MTX + HCQ

Rituximab + HCQ

MMF + HCQ

MTX + HCQ

Azathioprine + HCQ

 

Time to diagnosis from onset

14 months

1 month

56 months

24 months

18 months

12 months

Median 16 months

From a practical point of view, MCTD is suspected in patients with positive anti RNP antibodies in the presence of clinical features and/ or investigations suggestive of two of the following three – JSLE, JDM and scleroderma. We do a thorough multi-system screening in these patients – urine for PCR, Chest X-ray (CXR), basic lung function (FEV1 and FVC), Electrocardiogram (ECG) and Echocardiogram. These patients are reviewed regularly in our multi-disciplinary clinics, where specialist nurses take the lead on patient education and providing a helpline; and the therapists design and run the individualised rehabilitation programme to achieve the maximal physical fitness. We also work closely with colleagues in other paediatric subspecialties – nephrology, neurology, pulmonology, cardiology, radiology and dermatology – through meetings and/or combined clinics, to plan further investigations, as guided by the initial presentation and the baseline investigations, try and reach a consensus on therapeutic plan and follow up.

Discussion

First described by Sharp et al. in 1972 [8], there was lot of debate whether MCTD was a distinct clinical entity, due to the overlap of symptoms with other rheumatological conditions. However, the emergence of distinct genetic (association with HLA DR4, which is distinct from those found most commonly in SLE, SSc, or PM/DM) and serological (high titres of anti U1 RNP antibodies in the absence of anti Sm antibodies, which are pathognomonic of JSLE) profiles [9] have helped to characterise MCTD better. None of the four classification criteria for MCTD published so far - Kasukawa’s, Alarcon-Segovia, Kahn and Sharp criteria – [10-13] have been validated for use in children. The studies comparing these [14,15] have provided conflicting results (Table 2).

Table 2. Classification Criteria for MCTD

 

Serological criteria

Clinical criteria

Diagnosis

Alarcon-Segovia Diagnostic Criteria(1987)

Positive anti U1 RNP at haemagglutination titer >1:1600

  1. Oedema of hands
  2. Synovitis
  3. Myositis
  4. Raynaud´s
  5. Acrosclerosis

 

Serological and at least 3 clinical features included synovitis or myositis

Kusukawa Diagnostic Criteria(1987)

Common Symptoms

Raynaud´s Phenomenon

Swollen fingers or hands

Presence of Anti U1 RNP

Mixed findings

A. Systemic lupus erythematosus (SLE) like:

Polyarthritis

Pericarditis/pleuritis

Lymphadenopathy

Facial erythema

Leucopenia/thrombocytopenia

 

B. Scleroderma like:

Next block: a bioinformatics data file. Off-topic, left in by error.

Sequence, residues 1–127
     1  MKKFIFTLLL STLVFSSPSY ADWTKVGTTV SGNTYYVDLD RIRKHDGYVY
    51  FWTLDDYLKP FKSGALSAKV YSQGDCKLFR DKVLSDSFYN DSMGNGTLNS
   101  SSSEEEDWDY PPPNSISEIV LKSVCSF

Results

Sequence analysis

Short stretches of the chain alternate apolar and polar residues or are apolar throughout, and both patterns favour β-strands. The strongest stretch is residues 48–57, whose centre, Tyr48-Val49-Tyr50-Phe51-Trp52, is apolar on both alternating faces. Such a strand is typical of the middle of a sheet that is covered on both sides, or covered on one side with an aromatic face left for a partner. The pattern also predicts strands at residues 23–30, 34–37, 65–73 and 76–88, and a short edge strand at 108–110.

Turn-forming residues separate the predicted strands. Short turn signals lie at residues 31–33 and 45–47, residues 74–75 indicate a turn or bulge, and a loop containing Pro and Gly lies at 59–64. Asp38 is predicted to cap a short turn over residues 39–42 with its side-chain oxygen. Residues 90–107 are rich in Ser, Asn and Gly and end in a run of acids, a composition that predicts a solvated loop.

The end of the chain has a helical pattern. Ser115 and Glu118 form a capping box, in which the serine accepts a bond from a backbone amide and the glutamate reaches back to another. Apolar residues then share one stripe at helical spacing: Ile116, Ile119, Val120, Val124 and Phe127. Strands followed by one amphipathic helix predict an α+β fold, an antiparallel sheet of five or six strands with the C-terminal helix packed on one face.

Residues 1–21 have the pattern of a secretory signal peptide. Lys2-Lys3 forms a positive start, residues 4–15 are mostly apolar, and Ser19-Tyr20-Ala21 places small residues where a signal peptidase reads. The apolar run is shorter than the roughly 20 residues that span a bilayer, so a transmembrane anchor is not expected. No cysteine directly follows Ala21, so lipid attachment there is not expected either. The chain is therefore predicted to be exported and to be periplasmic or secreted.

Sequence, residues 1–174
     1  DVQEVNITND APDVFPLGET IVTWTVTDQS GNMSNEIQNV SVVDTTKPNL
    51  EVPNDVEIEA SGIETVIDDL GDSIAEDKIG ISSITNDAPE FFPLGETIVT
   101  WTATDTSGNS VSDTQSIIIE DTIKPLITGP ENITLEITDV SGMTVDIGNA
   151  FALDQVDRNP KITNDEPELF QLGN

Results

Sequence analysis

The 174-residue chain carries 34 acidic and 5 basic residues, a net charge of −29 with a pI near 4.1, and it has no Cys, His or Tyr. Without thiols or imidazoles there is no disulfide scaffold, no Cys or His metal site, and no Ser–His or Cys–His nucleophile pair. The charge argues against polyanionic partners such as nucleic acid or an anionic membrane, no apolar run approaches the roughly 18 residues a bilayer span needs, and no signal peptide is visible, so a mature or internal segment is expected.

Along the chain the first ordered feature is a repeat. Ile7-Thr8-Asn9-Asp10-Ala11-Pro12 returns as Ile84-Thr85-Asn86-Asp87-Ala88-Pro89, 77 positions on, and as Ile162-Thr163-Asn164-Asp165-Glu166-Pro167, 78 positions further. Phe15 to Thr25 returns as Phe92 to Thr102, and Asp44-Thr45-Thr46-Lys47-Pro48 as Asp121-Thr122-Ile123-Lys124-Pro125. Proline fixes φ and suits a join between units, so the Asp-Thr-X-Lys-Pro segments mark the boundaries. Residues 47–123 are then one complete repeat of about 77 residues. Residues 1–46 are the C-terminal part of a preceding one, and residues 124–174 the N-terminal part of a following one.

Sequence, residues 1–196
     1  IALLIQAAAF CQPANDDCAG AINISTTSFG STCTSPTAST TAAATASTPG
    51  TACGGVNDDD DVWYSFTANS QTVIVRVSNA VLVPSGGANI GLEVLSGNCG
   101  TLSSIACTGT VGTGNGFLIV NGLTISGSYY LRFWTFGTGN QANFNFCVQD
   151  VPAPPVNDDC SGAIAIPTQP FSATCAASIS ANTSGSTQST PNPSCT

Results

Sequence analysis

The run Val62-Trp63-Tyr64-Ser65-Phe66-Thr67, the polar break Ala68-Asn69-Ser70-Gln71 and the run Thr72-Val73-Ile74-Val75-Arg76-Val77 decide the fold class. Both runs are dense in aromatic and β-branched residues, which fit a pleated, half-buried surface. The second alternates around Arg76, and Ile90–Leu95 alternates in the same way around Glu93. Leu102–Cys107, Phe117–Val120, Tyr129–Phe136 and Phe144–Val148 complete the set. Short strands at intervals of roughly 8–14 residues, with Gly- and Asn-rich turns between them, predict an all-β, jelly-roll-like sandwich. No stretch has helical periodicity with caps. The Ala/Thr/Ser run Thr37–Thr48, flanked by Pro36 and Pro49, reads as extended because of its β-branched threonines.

Sclerodactyly

Pulmonary fibrosis

Esophageal dysmotility

 

C. Polymyositis like

Muscle weakness

High creatine phosphokinase (CPK)

Myopathic electromyogram (EMG)

At least one common symptom, with positive U1 RNP antibodies and one or more findings in at least two of the three categories A, B, and C.

Sharps Criteria (1987)

Major Criteria

a1.Myositis, severe

2. Pulmonary involvement

a. CO diffusing capacity < 70% of normal

b. Pulmonary arterial hypertension

 c. Proliferative vascular lesions in lung

 biopsy

3. Raynaud’s phenomenon,

 or esophageal hypomotility

4. Swollen hands observed or sclerordactyly

5. Highest observed anti-ENA≥1:10,000 and

 anti U1 RNP positive and anti-Sm negative

Minor Criteria

1. Alopecia

2. Leukopenia <4,000 WBC/mm3

3. Anemia ≤10.0 g/dL females, <12.0 g/dL males

4. Pleuritis

5. Pericarditis

6. Arthritis

7. Trigeminal neuropathy

8. Malar rash

9. Thrombocytopenia (<100,000/mm3

)

10. Myositis, mild

11. Swollen hands or history of swollen hand

Definite 4 major criteria, and anti-U1 RNP positive, with anti-ENA ≥1:4000. Exclusion: anti-Sm

Probable 3 major criteria and anti-U1 RNP positive with anti ENA ≥1.1000

 2 major criteria (include 1 or more from #1, #2, #3 and 2 minor criteria, and

 anti-U1 RNP positive with anti- ENA ≥1.1000)

 3 major criteria

Possible 2 major criteria and anti-U1 RNP positive with anti-ENA ≥1:100

 1 major and 3 minor, and anti-U1 RNP positive with anti-ENA ≥1:100

Khan’s criteria

Serological criteria:

 Positive anti-RNP  (U1 68kd) anti-RNP ≥ 1/2000)

Clinical criteria:

 1. Raynaud’s phenomenon (obligatory)

 2. Synovitis

 3. Myositis

 4. Puffy hands

Serological criteria

Plus ≥3 clinical criteria

MCTD is one of the least common Paediatric Rheumatology conditions with frequency varying from 0.1% to 0.5% [1] in various studies. It is about six times commoner in girls with median age of onset of 11 years (range 4 – 16) [1,3].